What about the Marine way, 36/300 yards zero? Here you do your initial zero at 36 yards. This is a zero used by the Marines that give them roughly 3” high at 100 yards and roughly a 4” max ordinate (max arc) between 125-175 yards. The flight of the bullet will again intersect the line of sight around 300 yards as it falls back towards the ground. At 400 yards we see a drop of about 17”-19”. Not a bad zero all things considered. Though according to our generic graph the 300 yard intersect looks more like a far zero of between 250-275 yards. Again, this highlights the need to always confirm with actual data derived from shooting at those distances.



How about the 50m zero? At 100 yards your bullet will be ~1” high. Its max ordinate (arc) will only be ~1.2” around 120 yards. By about 250 yards the bullet will only be ~4” low. By 300 yards the bullet will be ~10” low. The 50m zero is a strong contender with XM193. With XM855 we see a drop of ~3.4”-4” at 250 yards, a drop of ~9” at 300 yards and at 400 yards a drop of ~25”.



100 meter zero? With XM193 we are not seeing any major deviation until we hit 200 yards where we see a drop of ~2.7”. At 300 yards a drop of ~12” and at 400 yards ~30”. Making the 100m zero a pretty solid zero out to about 200 yards.



100 yard zero? With XM193 we are again seeing pretty good trajectory out to 200 yards where our bullet will be ~2.7” low. By 300 yards we are in the ~12” drop range and ~30” at 400 yards. Very similar to the 100m zero.



Now lets look at the 50/200 yard zero. If you recall I led into this being something of a misnomer. The 50/200 yard zero is a 50 yard zero, which will intersect the far zero again at 200 meters, or 219 yards. And yet again this is dependent on your barrel length and ammunition choice as seen by the results in the accompanying graph and trajectory chart. But for general purposes you will be close enough to make meaningful hits on your target.

During the flight of the bullet you are never more than roughly 2” above or below your POA out to roughly 250 yards where you will be about 3” low, 8” low at 300 yards and ~24” at 400 yards.



MPBR? What is the MPBR? This is the Max Point Blank Range and has been used by hunters for generations. This is a zero based on the vitals zone of the targeted game. If you are hunting an elk and the vitals zone is roughly 15”, this gives you a deviation of 7.5” up or down and you zero your rifle so the trajectory of your bullet never rises or drops more than 7.5”. The point at which the bullet falls below 7.5” is your MPBR.

If you use the “A” zone of an IPSC target being 11” and our current data with XM193 our MPBR is 342 yards with a near zero of 31 yards and a far zero of 294 yards. This will net you a Max Ordinate of ~5.61” around 170 yards. Not a bad zero but does it really offer much over the 36/100 yards Marine zero?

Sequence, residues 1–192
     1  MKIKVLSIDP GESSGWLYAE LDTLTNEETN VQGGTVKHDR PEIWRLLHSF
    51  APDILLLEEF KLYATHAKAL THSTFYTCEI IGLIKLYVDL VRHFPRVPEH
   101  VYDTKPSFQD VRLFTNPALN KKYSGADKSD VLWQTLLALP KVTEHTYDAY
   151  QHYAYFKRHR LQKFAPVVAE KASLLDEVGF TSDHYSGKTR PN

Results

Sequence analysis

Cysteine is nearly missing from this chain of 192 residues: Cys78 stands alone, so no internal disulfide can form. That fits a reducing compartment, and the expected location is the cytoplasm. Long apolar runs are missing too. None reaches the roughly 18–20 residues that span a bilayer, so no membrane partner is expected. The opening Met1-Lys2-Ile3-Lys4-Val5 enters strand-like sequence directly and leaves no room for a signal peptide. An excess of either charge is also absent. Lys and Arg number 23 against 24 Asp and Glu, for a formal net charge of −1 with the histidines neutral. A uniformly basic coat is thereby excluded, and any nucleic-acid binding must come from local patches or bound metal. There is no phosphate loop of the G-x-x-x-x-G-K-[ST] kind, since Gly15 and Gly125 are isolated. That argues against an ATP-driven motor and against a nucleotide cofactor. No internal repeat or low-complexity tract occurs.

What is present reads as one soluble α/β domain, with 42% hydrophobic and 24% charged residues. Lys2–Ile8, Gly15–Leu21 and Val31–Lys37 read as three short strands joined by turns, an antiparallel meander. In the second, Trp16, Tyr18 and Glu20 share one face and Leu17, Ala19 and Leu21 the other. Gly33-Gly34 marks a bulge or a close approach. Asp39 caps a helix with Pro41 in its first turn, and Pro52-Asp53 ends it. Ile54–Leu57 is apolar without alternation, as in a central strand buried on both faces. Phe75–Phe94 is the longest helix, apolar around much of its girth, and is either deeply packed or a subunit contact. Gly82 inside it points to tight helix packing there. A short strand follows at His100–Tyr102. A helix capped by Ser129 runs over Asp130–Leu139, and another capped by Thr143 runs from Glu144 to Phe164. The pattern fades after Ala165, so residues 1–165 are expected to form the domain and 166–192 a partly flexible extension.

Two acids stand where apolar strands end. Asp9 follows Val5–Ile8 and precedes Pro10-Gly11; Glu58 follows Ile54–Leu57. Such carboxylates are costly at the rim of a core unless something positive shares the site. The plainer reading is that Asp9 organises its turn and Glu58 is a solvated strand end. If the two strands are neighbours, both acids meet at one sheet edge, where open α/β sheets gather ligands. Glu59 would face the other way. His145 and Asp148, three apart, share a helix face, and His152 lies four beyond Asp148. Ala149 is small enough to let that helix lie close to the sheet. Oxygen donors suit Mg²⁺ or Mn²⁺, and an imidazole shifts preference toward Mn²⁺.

Lets reduce the target zone to 6”. This gives us a near zero of 40 yards and a far zero of 241 yards with a MPBR of 279 yards. Our bullets Max Ordinate will be ~3.02” around 145 yards. This gives us ~3” high or low out to 279 yards. Also not a bad zero, but what does this offer us over the 50/200 yards zero?



Are you thoroughly confused at this point? Still not sure which zero you should choose? I suggest you take the following into consideration:

– What twist is your barrel?
– What ammunition load do you what to shoot?
– What distance do you plan on shooting the most at?
– Do you have to shoot at a range that only allows certain distances?
– Are you shooting paper or do you plan on hunting with this AR15?
– Are you going to compete in the action shooting sports or High Power?
– What is your acceptable amount of deviation through a given distance?

With those questions answered you can pick a distance to start with. Once zeroed, it is on you, the shooter, to get out and shoot at any given distance and see what you, your AR15 and ammunition choice can do.

For the record, I personally zero all my AR15’s at 50/200 yards and mostly with 55gr Wolf. The exception being my Self Defense/Home Defense (SD/HD) AR15 and my Hunting AR15 (which is the one you see in this BRM Series). Both still zeroed at 50/200 but with different loads.

While this may seem like a lot, don’t over think it. Pick one based on the above criteria and we can get out and zero our AR15.